So what can a data controller do now?
You are stuck with the third parties you have already agreed contracts with. What can you do to improve both your third-party risk position, and your scope for minimising any potential fines that may end up coming your way, as a result of the inevitable data breach?
That third-party assurance process you have currently. That one that asks if the third-party has a security policy and they are aligned to ISO 27001 security controls? That one where you haven’t performed any audits of a third-party ever. Maybe it is time for a review of that process with a view to gaining a better oversight of what is happening to that data you gave them?
Maybe it’s time to prove to your regulator and your clients that you are trying to get to grips with this problem?
Creating a Third-Party Assurance programme
Creating a functional third-party assurance programme is a lot of effort, but compared to the risk that a data breach exposes the organisation to, it easily funds itself from a risk mitigation perspective.
Historically, third-party assurance has been about sending your prospective supplier a questionnaire, and depending on the answers, some further interview or questions may have been appropriate.
You may have a right to audit your supplier in your contract, but the reality is this requires resources that the organisation usually does not have spare.
Without a clear, holistic process that initiates actions for a particular purpose, your response is either an action taken too late (if you invoke the right to audit after a breach has occurred), or it is an action taken without appropriate risk management consideration.
So what makes a good third-party assurance process
Firstly, it has to be risk based. There has to be a clear logic described within the process that triggers each of the appropriate stages of the assurance process.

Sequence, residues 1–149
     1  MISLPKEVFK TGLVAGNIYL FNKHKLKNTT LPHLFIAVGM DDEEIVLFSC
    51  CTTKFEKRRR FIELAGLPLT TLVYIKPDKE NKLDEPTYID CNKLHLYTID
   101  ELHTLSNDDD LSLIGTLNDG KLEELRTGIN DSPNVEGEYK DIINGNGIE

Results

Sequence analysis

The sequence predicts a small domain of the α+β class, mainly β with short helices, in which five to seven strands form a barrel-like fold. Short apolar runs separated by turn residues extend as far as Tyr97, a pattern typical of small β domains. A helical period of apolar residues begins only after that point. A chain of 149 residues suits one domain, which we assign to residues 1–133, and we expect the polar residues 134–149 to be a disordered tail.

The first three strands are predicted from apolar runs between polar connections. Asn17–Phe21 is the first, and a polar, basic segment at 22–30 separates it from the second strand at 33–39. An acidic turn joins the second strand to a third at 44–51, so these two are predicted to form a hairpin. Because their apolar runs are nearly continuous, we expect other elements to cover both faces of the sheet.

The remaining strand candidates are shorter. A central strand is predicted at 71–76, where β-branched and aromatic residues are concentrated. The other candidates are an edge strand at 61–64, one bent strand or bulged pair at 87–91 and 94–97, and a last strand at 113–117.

These triggers must be based on reasonable assumptions and relate to the value of the data being processed by the third-party.
A clear, logical third-party assurance process that is being followed and evidenced, will go a long way to mitigating the risk of third-party non-compliance, and in reducing the scale of any fine that may come as a result of a third-party data breach.
The separate stages of a third-party assurance process
The first stage is the collection of relevant information from the third-party as to the security controls they have in place and how they plan to hold and secure your data. A simple list of questions, where it is obvious what the right answer needs to be should be avoided. Don’t make it too tempting for the third-party to agree to everything, as in the long run this may not be what is required.
An initial evaluation of your third party should not be based on a few yes/no questions, but rather an analysis of the evidence provided of the third-parties compliance to your data security requirements.
“Please supply a copy of your security policy“, rather than “Do you have a security policy?”
This is more work for the data controller (as someone needs to conduct that analysis), but without a depth of evidence provided by the third-party, a determination of the suitability of the third-party to your data security requirements cannot logically be made.
The Scoring matrix
Once evidence has been provided, you need a consistent method of evaluating the responses. Without a scoring system, you are leaving the evaluation purely to the personal discretion of the individual doing the scoring.
This is very difficult to justify, because it is very hard to audit. If an audit is based on someone’s opinion on what is acceptable, there is little scope for review. If an audit is based on whether the reviewer complied with the scoring system, this is far less subjective and creates a second-line review opportunity.
A scoring system ensures that the results can be validated, and it removes the pressure from the evaluator as to what good should look like. What good looks like has already been pre-determined in the scoring system.
Responses allocated to scores
Your response to a third-parties evaluation score must be tiered. Just because the third-party receives a really bad score, does not in the first instance mean you will not work with them.
There may be many reasons why a third-parties response may have been poor. It may have missed the people that know about this area (vacations or other perceived higher priorities). You need to take the time to confirm the scoring with the third-party and justify your actions.